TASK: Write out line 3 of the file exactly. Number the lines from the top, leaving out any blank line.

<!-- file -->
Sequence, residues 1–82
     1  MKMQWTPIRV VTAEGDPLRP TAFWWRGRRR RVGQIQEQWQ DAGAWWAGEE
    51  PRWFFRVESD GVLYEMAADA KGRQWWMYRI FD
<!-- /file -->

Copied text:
    51  PRWFFRVESD GVLYEMAADA KGRQWWMYRI FD